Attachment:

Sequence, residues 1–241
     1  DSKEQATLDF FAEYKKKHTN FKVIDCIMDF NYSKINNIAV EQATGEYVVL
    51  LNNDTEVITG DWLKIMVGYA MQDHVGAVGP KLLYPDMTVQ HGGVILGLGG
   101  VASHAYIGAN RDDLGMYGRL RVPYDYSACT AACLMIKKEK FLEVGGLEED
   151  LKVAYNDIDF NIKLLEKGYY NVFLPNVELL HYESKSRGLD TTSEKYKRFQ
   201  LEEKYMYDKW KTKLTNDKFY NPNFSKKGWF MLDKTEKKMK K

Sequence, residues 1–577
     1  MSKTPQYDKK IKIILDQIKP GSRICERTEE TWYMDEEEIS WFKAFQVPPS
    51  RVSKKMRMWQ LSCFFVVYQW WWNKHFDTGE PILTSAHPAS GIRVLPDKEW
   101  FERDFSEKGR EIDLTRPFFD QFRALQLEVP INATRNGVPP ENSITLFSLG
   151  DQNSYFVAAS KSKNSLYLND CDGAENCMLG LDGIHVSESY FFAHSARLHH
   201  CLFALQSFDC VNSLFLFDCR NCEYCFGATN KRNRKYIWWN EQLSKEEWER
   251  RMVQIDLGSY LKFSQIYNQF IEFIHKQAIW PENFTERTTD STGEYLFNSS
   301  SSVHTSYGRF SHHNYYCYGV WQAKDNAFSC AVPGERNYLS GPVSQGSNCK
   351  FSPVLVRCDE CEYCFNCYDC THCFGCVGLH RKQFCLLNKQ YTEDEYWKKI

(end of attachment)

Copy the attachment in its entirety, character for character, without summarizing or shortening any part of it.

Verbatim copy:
Sequence, residues 1–241
     1  DSKEQATLDF FAEYKKKHTN FKVIDCIMDF NYSKINNIAV EQATGEYVVL
    51  LNNDTEVITG DWLKIMVGYA MQDHVGAVGP KLLYPDMTVQ HGGVILGLGG
   101  VASHAYIGAN RDDLGMYGRL RVPYDYSACT AACLMIKKEK FLEVGGLEED
   151  LKVAYNDIDF NIKLLEKGYY NVFLPNVELL HYESKSRGLD TTSEKYKRFQ
   201  LEEKYMYDKW KTKLTNDKFY NPNFSKKGWF MLDKTEKKMK K

Sequence, residues 1–577
     1  MSKTPQYDKK IKIILDQIKP GSRICERTEE TWYMDEEEIS WFKAFQVPPS
    51  RVSKKMRMWQ LSCFFVVYQW WWNKHFDTGE PILTSAHPAS GIRVLPDKEW
   101  FERDFSEKGR EIDLTRPFFD QFRALQLEVP INATRNGVPP ENSITLFSLG
   151  DQNSYFVAAS KSKNSLYLND CDGAENCMLG LDGIHVSESY FFAHSARLHH
   201  CLFALQSFDC VNSLFLFDCR NCEYCFGATN KRNRKYIWWN EQLSKEEWER
   251  RMVQIDLGSY LKFSQIYNQF IEFIHKQAIW PENFTERTTD STGEYLFNSS
   301  SSVHTSYGRF SHHNYYCYGV WQAKDNAFSC AVPGERNYLS GPVSQGSNCK
   351  FSPVLVRCDE CEYCFNCYDC THCFGCVGLH RKQFCLLNKQ YTEDEYWKKI